Last week the USS Lassen, a United States guided-missile destroyer, sailed within 12 nautical miles of a series of artificial islands built by China in the South China Sea. In response, China reportedly summoned the US Ambassador, with a state-run newspaper claiming that China was not afraid of fighting a war. China’s naval commander warned that the move was ‘dangerous and provocative’, and policy makers, officials and journalists on all sides of the dispute have debated the wisdom, or otherwise, of these actions by the US.
The latest move by the US comes in the wake of China’s actions in the previously uninhabited Spratly Island group. In late 2014, China began reclaiming land on a series of reefs, some of which were only partially exposed at low tide. In 2015, satellite images showed significant construction beginning on the reefs/islands. China based its claim over the reef/islands on the so-called ‘Nine-Dash Line’, a 1947 map drawn up by Chiang Kai-shek’s nationalist government. It has been used as the basis, once in 1958, and in 2009 before the UN, in order to substantiate China’s claims.
China’s claim has not gone uncontested. Both Vietnam and the Philippines lay claim to the Spratly Island group, and some of the islands fall within the Exclusive Economic Zone of Malaysia and Brunei under the United Nations Convention on the Law of the Sea (UNCLOS). The Philippines has brought a case challenging the validity of China’s claims before an arbitral tribunal under UNCLOS. Despite China’s argument that the is over competing sovereignty claims, and so outside the remit of the arbitral body, last week the Permanent Court of Arbitration rejected this argument and will consider the case under UNCLOS (see Lea Christopher’s piece on the ILA Reporter on 5 November 2015 summarising the tribunal’s decision). However, China has pre-empted any finding, stating that it will not comply with any unfavourable ruling.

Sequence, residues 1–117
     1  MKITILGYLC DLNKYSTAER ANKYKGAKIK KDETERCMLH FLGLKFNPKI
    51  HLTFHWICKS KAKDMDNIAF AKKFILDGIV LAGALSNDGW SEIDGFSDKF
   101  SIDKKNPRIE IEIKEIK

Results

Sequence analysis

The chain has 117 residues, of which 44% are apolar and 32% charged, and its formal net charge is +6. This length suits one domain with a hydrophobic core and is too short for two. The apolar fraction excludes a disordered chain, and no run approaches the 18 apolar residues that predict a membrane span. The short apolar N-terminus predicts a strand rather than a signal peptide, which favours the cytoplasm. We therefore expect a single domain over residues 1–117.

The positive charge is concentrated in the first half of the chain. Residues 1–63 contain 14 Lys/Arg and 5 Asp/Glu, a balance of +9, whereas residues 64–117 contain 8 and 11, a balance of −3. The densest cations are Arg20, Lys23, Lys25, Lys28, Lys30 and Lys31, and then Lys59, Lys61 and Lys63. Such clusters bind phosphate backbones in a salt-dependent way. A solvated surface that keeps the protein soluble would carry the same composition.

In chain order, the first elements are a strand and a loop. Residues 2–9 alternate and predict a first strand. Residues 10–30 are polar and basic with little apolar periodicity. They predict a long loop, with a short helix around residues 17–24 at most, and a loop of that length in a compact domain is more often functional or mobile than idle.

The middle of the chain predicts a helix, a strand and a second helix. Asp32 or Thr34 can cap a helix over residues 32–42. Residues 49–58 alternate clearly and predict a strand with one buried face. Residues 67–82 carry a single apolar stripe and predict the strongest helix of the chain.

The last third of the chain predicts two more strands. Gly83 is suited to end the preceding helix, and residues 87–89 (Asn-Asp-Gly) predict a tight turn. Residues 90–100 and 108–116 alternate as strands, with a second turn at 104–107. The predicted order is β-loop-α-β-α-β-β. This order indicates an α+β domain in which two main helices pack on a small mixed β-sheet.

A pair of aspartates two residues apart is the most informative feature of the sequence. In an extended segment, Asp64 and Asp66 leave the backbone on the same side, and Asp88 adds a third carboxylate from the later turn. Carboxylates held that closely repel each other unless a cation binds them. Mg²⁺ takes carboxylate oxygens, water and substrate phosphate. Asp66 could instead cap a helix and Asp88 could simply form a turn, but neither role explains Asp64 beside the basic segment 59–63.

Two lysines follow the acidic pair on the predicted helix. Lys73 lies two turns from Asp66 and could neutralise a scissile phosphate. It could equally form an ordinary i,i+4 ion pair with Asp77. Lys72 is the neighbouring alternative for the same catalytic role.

The legal issues associated with the South China Sea are complicated. There is a distinction to be made between claims that are covered by customary law and claims that are covered by the international law of the sea (predominantly contained within UNCLOS). The case of the USS Lassen is to be distinguished on this basis as well, and Shannon Tiezzi’s Diplomat analysis is instructive on the point. The recent US patrol was not concerned with challenging China’s claim to sovereignty over the islands, but rather asserting freedom of navigation, a point which the author claims has been lost among much of the news coverage.
Under UNCLOS, territorial sea extends 12 nautical miles from the shore (article 3). Within it, any ship enjoys the right of innocent passage (article 19). The circumstances that will generate territorial sea is central to the current disputes. A key provision is article 13, regarding low-tide elevations (LTEs):
Where a low-tide elevation is wholly situated at a distance exceeding the breadth of the territorial sea from the mainland or an island, it has no territorial sea of its own.
Article 60 then states that artificial islands do not have any territorial sea of their own and are only entitled to at most a 500 metre ‘safety zone’. This means that under UNCLOS, any artificial structures built by China on LTEs have no territorial sea. Whilst some of China’s construction has occurred on land not considered LTEs, the US has only conducted patrols within 12 nm of Mischief and Subi reefs, artificial islands that were previously LTEs, and so understood by the US not to have a territorial sea. By asserting their right to freedom of navigation past such structures, Tiezzi suggests the US ‘is not challenging China’s sovereignty over the Spratly features; it is challenging the status of those features under international law‘.
With many other LTEs in the region, this stand on freedom of navigation past the Spratly chain is an important test. Understanding how patrols, such as the USS Lassen’s, challenge China under the international law of the sea will be central in understanding the broader geopolitical developments in the region.